Cheney defends Bush-era interrogation policies

Former vice president Dick Cheney on May 21 defended the national security policies of the Bush administration. Speaking at the American Enterprise Institute (AEI), Cheney criticized many of the security policies of President Barack Obama and described how the 9-11 attacks affected subsequent decisions. Maintaining that accurate intelligence is necessary to any strategy, Cheney defended the use of force to obtain timely information as being granted by Article II of the US Constitution and the Sept. 18, 2001 Authorization for Use of Military Force.

The former vice president discussed the highly contested enhanced interrogation techniques used on suspected terrorists, stating that such techniques were the only way to obtain information necessary to the safety of the country and that he remains a “strong proponent” of the practice. He maintained that the use of the controversial interrogations “prevented the violent death of thousands, if not hundreds of thousands, of innocent people.” Shifting his focus to the current administration’s handling of Bush-era policies, Cheney criticized the recent release of interrogation documents, stating that:

when … the veil was lifted on the policies of the Bush administration, the public was given less than half the truth. The released memos were carefully redacted to leave out references to what our government learned through the methods in question. Other memos, laying out specific terrorist plots that were averted, apparently were not even considered for release. For reasons the administration has yet to explain, they believe the public has a right to know the method of the questions, but not the content of the answers.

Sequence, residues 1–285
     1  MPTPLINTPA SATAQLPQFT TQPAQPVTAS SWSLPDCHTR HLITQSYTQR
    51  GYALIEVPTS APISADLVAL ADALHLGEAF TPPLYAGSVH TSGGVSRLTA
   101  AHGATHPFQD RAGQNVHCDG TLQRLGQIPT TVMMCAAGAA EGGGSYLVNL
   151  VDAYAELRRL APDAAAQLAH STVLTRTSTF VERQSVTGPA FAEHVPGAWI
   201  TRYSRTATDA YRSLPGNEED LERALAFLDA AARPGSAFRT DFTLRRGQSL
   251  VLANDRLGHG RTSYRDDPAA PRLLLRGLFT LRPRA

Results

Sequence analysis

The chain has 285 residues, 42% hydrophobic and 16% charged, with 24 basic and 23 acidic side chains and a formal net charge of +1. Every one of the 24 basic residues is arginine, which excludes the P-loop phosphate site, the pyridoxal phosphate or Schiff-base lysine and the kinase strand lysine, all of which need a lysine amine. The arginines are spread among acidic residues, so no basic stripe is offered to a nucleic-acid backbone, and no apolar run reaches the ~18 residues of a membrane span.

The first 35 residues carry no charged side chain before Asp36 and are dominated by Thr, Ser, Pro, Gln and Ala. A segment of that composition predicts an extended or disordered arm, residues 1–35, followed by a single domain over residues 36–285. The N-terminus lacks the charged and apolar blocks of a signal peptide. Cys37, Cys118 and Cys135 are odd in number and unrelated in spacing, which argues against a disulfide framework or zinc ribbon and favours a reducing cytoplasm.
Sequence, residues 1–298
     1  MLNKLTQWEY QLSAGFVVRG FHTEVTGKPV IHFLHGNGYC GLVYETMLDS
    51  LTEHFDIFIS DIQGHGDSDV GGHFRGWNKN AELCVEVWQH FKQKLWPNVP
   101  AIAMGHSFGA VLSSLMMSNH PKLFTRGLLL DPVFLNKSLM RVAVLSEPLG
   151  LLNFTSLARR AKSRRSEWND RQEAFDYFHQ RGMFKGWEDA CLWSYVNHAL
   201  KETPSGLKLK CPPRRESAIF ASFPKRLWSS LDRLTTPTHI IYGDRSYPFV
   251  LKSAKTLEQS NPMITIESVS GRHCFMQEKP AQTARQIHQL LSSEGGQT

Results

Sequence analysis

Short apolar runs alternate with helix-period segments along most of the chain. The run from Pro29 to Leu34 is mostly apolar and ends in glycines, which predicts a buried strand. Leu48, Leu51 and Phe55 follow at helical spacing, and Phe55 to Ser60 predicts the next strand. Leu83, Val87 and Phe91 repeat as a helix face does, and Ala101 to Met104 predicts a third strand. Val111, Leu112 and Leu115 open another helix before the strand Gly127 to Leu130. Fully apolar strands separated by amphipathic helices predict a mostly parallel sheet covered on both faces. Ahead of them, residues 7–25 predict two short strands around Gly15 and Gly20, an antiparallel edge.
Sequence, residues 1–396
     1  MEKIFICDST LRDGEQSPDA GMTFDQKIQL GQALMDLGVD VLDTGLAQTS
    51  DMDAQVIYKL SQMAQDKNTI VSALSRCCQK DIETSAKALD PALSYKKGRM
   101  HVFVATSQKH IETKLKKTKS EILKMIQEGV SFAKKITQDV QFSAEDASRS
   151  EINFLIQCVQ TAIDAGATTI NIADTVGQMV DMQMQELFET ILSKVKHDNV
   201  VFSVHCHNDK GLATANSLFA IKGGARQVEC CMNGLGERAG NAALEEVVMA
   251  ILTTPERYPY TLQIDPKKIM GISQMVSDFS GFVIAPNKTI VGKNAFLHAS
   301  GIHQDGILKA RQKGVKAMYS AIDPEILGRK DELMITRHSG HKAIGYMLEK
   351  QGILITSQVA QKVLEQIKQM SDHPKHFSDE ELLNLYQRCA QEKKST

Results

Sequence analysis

Additionally, Cheney expressed dismay at the possible prosecution of those who approved the techniques, criticizing the criminalization of a previous administration’s policies. He also said that the attention directed at the interrogations will only distract from the government’s duty to protect the country and that banning such techniques in the future is a matter of “recklessness cloaked in righteousness.” Cheney went on to discuss the planned closing of the Guantánamo Bay detention facility, saying that the decision came with little deliberation and expressing concern for releasing the detainees into the US for trial and imprisonment.

Also that day, Obama delivered a national security speech in which he reaffirmed his commitment to closing Guantánamo Bay and his plans to try the detainees in US federal courts. Obama also addressed growing concerns about accepting detainees from the detention facility into the US, stating that federal super-max prisons are sufficiently secure.

Cheney’s and Obama’s speeches came a day after the US Senate passed an amendment eliminating $80 million intended to be used for the closure of Guantanamo until the president provides a “comprehensive, responsible plan” to do so. In April, Obama said that the memos that Cheney and others have urged him to release, to show the results of enhanced interrogation techniques, do not prove that the American people are any safer. (Jurist, May 22)

See our last posts on the torture/detainment scandal.

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  1. Obama endorses indefinite detention
    From the Washington Post, May 22:

    Obama Endorses Indefinite Detention Without Trial for Some